Data Records

The dataset described is freely available in PhysioNet44. The format of the data files is the same for healthy and diseased muscle conditions. The anisotropic permittivity property measured in longitudinal and transverse directions is organized in columns while the frequency dependence is organized in rows. For each time point measured, which also is organized in columns, the permittivity average value and the standard error of the mean are reported.

Technical Validation

Our murine data on SMA (Fig. 1), MDX (Fig. 2), DB/DB (Fig. 3), ALS (Fig. 4), and a model of myofiber hypertrophy (Fig. 5) fill the gap of previous studies published in the literature. A single-frequency summary of conductivity values is provided in Table 1 (multi-frequency data are available in PhysioNet). Regarding the relative permittivity (not shown), we found the longitudinal values were greater than in transverse direction in the low frequencies, an observation that had been previously attributed to the polarization of the t-tubule muscle system20,31,45.

Fig. 1

Permittivity in a mice model of spinal muscular atrophy. (a) Longitudinal and transverse conductivity and relative permittivity of healthy wild type (WT) and spinal muscular atrophy (SMA) mice. Mean ± standard error of the mean (SEM). (b) Representative histology images from the gastrocnemius muscle. Scale bar: 50 μm. Quantification of the myofiber cross sectional area (CSA) in WT and SMA mice. (c) Mean CSA. *p < 0.05.

Fig. 2

Permittivity in a mice model of muscular dystrophy. (a) Longitudinal and transverse conductivity and relative permittivity of healthy wild type (WT) and muscular dystrophy (MDX) mice. Mean ± standard error of the mean (SEM). (b) Representative histology images from the gastrocnemius muscle. Scale bar: 50 μm. Quantification of the myofiber cross sectional area (CSA) in WT and MDX mice. (c) Mean CSA. **p < 0.01.

Fig. 3

Permittivity in a mice model of diabetes. (a) Longitudinal and transverse conductivity and relative permittivity of healthy wild type (WT) and diabetes (DB/DB) mice. Mean ± standard error of the mean (SEM). (b) Representative histology images from the gastrocnemius muscle. Scale bar: 50 μm. Quantification of the myofiber cross sectional area (CSA) in WT and DB/DB mice. (c) Mean CSA. **p < 0.01; ***p < 0.001.

Fig. 4

Permittivity in a mice model of amyotrophic lateral sclerosis. (a) Longitudinal and transverse conductivity and relative permittivity of male and female amyotrophic lateral sclerosis (ALS) mice. Mean ± standard error of the mean (SEM). (b) Representative histology images from the gastrocnemius muscle. Scale bar: 50 μm. Quantification of the myofiber cross sectional area (CSA) in male and female ALS mice. (c) Mean CSA.

Fig. 5

Permittivity in a mice model of myofiber hypertrophy. (a) Longitudinal and transverse conductivity and relative permittivity of healthy wild type (WT) mice treated with phosphate-buffered saline (PBS) and myostatin ligand trap ActRIIB-mFc. Mean ± standard error of the mean (SEM). (b) Representative histology images from the gastrocnemius muscle. Scale bar: 50 μm. Quantification of the myofiber cross sectional area (CSA) in WT treated with PBS and ActRIIB-mFc. (c) Mean CSA. ***p < 0.001.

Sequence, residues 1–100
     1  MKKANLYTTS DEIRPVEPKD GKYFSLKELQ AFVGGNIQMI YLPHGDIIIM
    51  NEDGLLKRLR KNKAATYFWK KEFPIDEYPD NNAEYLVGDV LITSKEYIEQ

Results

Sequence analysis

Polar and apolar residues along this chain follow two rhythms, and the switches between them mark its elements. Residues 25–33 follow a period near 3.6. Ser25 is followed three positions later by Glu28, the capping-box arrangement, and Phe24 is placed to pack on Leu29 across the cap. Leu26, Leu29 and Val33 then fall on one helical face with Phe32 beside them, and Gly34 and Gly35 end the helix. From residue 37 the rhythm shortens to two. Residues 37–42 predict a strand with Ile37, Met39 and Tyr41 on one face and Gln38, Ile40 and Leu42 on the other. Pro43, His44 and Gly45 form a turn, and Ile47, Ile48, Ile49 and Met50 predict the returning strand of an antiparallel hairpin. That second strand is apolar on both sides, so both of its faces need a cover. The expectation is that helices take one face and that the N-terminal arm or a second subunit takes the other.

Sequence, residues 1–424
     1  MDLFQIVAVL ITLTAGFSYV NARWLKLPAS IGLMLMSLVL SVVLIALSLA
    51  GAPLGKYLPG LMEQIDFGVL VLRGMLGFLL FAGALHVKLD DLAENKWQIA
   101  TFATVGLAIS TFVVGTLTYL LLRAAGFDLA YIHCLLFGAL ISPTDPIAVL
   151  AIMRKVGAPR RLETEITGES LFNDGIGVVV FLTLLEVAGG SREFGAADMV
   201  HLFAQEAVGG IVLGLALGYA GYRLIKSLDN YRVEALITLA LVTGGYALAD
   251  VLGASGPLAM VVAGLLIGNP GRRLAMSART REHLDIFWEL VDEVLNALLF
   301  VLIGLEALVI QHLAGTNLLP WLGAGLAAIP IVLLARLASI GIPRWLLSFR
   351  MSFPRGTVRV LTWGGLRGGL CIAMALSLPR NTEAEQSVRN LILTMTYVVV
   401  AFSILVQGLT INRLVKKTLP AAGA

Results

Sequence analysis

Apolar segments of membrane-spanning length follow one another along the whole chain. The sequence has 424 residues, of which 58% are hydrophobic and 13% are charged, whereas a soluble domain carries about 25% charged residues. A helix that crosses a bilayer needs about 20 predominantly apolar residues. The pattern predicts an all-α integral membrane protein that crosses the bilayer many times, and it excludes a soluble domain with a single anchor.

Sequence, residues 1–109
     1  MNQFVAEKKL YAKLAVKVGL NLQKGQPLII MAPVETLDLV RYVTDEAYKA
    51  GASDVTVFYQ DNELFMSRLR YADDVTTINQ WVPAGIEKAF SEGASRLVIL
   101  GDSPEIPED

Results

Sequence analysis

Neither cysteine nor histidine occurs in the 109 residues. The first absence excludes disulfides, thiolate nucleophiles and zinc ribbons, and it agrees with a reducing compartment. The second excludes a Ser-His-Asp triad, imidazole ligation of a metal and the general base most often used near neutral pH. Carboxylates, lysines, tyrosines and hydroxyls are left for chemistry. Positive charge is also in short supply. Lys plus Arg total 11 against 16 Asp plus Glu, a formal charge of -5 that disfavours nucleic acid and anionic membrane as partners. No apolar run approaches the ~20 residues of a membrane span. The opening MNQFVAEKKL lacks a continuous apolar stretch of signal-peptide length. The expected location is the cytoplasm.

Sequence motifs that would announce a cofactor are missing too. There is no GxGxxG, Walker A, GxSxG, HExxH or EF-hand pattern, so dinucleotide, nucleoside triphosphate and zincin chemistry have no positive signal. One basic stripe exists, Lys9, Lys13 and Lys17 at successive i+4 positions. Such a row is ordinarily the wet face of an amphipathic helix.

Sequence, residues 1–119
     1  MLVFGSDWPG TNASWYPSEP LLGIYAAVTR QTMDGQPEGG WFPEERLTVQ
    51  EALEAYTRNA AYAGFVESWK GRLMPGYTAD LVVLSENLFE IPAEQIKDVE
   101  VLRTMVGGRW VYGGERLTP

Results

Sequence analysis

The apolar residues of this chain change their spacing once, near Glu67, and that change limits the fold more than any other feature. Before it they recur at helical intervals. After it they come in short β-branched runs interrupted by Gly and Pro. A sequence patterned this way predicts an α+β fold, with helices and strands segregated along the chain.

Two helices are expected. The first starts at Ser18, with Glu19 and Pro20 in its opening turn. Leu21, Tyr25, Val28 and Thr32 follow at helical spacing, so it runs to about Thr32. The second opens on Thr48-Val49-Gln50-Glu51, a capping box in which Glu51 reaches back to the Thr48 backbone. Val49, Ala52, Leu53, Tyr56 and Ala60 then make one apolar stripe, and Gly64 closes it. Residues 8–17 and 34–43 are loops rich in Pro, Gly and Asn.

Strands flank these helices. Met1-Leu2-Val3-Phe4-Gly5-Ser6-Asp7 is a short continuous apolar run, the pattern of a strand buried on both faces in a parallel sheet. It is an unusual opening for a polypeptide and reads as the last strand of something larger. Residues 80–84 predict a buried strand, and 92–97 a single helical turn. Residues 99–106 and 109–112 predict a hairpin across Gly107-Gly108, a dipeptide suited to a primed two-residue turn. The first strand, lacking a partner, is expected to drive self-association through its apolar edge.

Table 1 Summary of skeletal muscle conductivity values reported at 50 kHz.

In the absence of in vivo human muscle permittivity values, mouse muscle permittivity data reported here allow the user to approximate, through the use of analytic models, EIM values for the conditions studied. It also gives the user the ability to predict the temporal evolution with disease progression using the permittivity from different time points. For example, EIM phase angle θ can be computed in the longitudinal and transverse direction as follows

$$\theta \approx -{tan}^{-1}\left(\frac{2\pi f{\varepsilon }_{0}{\varepsilon }_{r}}{\sigma }\right),$$

where f is the frequency in Hz. The reader can also use the permittivity reported to perform more accurate numerical simulation studies using finite element models for example.

Code Availability

The algorithm used in this work to convert impedance data to permittivity is described in Eq. 2.

Additional information

Publisher’s note: Springer Nature remains neutral with regard to jurisdictional claims in published maps and institutional affiliations.


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This research was supported by grant NIH/NINDS 1R01NS091159 to S.B.R. and NIH/NINDS R01NS060926 to C.J.D. and with additional support from the Muscular Dystrophy Association (MDA418685) and CureSMA (DID1719) to C.J.D.

Author information

Conceived and designed the experiments: J.A.N., C.J.D., S.B.R., B.S. Performed the experiments: J.A.N. Analyzed the data: J.A.N., B.S. Wrote the paper: B.S. All authors revised and approved the manuscript.

Competing Interests

Dr. Rutkove serves as scientific advisor and consultant to Myolex, Inc., a company that commercializes impedance technology. Dr. Rutkove is also a member of the company’s Board of Directors. Dr. Sanchez serves as a consultant to Myolex, Inc., and Impedimed, Inc., a company that develop impedance technology for research and clinical use. Dr. Sanchez and Dr. Rutkove are Co-Founders of Haystack Diagnostics, Inc., a company that commercializes needle impedance technology. Haystack Diagnostics, Inc., has the option to license patented needle impedance technology of which Dr. Sanchez and Dr. Rutkove are named inventors.

Correspondence to B. Sanchez.